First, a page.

You are older than 16 years. You don't plan to become pregnant during the study. You need to faithfully continue your treatment as prescribed by your doctor and don't change the drugs you take from at least 4 weeks before the study until 8 weeks after the last TMS session. You need to be able to keep a diary of your seizures.
What does the study involve?
You will need to come to the hospital every weekday during two consecutive weeks, every three months during nine months for the TMS-treatment. So you will have three treatment sessions. You will have a brain scan (FDG-PET) before the first treatment and after each session.
The magnetic pulses will be delivered differently during each of the three treatment sessions: once on a rather small area of the brain, once on a larger brain area and once using a dummy coil, i.e. you will have two active treatment sessions and one dummy or placebo session. The investigators will not tell in which order they deliver the treatments.
- What are the possible benefits and risks of participating?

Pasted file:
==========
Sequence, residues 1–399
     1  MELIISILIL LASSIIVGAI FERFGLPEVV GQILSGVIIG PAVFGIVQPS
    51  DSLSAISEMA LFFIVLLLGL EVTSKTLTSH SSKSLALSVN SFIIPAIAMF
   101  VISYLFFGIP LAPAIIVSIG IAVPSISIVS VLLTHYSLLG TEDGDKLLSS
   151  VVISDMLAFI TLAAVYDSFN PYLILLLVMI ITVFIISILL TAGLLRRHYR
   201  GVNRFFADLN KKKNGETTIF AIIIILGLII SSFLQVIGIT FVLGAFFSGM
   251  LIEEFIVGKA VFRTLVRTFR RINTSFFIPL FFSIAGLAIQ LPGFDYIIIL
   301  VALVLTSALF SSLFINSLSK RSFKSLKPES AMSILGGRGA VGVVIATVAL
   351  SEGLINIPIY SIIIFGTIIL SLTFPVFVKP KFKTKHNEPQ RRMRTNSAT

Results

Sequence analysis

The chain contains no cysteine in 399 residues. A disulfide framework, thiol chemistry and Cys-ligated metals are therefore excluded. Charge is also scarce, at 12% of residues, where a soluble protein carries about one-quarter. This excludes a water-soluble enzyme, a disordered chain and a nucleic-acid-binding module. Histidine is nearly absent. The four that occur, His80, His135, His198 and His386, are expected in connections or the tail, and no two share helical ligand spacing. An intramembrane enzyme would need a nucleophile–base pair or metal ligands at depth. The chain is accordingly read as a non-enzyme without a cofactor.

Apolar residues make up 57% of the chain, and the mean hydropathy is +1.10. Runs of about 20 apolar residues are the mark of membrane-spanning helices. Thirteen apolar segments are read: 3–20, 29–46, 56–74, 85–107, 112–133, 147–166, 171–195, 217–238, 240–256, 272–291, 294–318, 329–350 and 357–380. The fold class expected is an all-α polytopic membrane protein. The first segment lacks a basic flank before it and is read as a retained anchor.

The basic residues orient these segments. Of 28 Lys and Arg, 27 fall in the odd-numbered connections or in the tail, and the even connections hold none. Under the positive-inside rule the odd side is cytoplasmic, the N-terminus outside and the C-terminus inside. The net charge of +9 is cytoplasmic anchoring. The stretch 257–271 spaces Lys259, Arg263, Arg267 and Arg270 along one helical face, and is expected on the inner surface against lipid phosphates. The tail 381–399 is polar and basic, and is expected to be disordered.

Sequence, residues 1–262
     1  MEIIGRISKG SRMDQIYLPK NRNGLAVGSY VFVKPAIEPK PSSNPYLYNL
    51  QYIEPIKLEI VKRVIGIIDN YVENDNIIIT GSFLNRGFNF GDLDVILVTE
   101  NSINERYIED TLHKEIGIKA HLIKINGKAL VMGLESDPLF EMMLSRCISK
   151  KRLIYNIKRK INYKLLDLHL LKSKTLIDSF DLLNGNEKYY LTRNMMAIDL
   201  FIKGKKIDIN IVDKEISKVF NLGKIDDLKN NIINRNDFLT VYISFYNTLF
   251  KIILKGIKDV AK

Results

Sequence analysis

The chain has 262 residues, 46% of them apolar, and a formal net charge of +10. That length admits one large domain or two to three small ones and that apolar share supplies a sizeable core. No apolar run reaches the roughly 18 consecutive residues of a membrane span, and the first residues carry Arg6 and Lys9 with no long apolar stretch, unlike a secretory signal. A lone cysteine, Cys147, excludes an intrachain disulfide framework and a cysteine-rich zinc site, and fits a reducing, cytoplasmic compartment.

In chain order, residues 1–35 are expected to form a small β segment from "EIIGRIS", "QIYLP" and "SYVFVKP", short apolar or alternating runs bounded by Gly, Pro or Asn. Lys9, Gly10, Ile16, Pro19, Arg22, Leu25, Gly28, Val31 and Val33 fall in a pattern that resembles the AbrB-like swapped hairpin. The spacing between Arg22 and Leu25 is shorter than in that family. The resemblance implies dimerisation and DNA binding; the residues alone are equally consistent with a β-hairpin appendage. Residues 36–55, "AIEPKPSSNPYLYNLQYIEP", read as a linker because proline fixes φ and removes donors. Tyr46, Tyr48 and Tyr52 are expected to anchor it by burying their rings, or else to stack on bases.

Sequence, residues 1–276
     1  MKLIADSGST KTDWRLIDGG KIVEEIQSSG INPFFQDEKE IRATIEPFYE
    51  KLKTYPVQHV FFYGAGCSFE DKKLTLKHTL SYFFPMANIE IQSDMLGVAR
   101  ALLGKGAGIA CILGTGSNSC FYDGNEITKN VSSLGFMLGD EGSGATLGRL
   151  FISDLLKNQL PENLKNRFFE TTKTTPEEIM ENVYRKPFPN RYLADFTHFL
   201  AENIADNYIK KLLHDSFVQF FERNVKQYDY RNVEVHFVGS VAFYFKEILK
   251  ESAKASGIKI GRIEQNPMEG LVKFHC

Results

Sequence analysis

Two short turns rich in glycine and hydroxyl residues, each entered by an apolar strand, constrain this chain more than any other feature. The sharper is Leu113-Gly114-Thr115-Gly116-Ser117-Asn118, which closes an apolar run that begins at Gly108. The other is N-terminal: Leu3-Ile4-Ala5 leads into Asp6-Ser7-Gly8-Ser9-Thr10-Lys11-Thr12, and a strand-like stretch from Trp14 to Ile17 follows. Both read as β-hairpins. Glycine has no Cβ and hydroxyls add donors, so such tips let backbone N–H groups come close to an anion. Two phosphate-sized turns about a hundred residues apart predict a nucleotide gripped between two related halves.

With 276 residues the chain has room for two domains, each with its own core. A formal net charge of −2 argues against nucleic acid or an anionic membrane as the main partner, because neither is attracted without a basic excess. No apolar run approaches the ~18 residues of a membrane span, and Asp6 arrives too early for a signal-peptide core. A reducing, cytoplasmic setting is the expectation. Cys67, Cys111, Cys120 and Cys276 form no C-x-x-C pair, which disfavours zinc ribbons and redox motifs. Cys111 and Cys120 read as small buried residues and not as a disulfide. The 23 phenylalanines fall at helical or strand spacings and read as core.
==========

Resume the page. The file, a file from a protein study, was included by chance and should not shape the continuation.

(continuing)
The investigators have good reasons to believe you will have fewer seizures in the weeks following the active treatment.
|Study Type :||Interventional (Clinical Trial)|
|Actual Enrollment :||11 participants|
|Intervention Model:||Crossover Assignment|
|Masking:||Triple (Participant, Care Provider, Outcomes Assessor)|
|Official Title:||Multimodal Image-guided Repetitive Transcranial Magnetic Stimulation (rTMS) in the Treatment of Refractory Partial Epilepsy.|
|Study Start Date :||November 2012|
|Actual Primary Completion Date :||May 2015|
|Actual Study Completion Date :||December 2015|
Experimental: figure-of-eight active rTMS coil
rTMS is administered using the figure-of-eight active coil, at 90% of the resting motor threshold over the epileptogenic region, in trains of 500 pulses with a total of 1500 pulses per day, during weekdays on two consecutive weeks.
Device: figure-of-eight active rTMS coil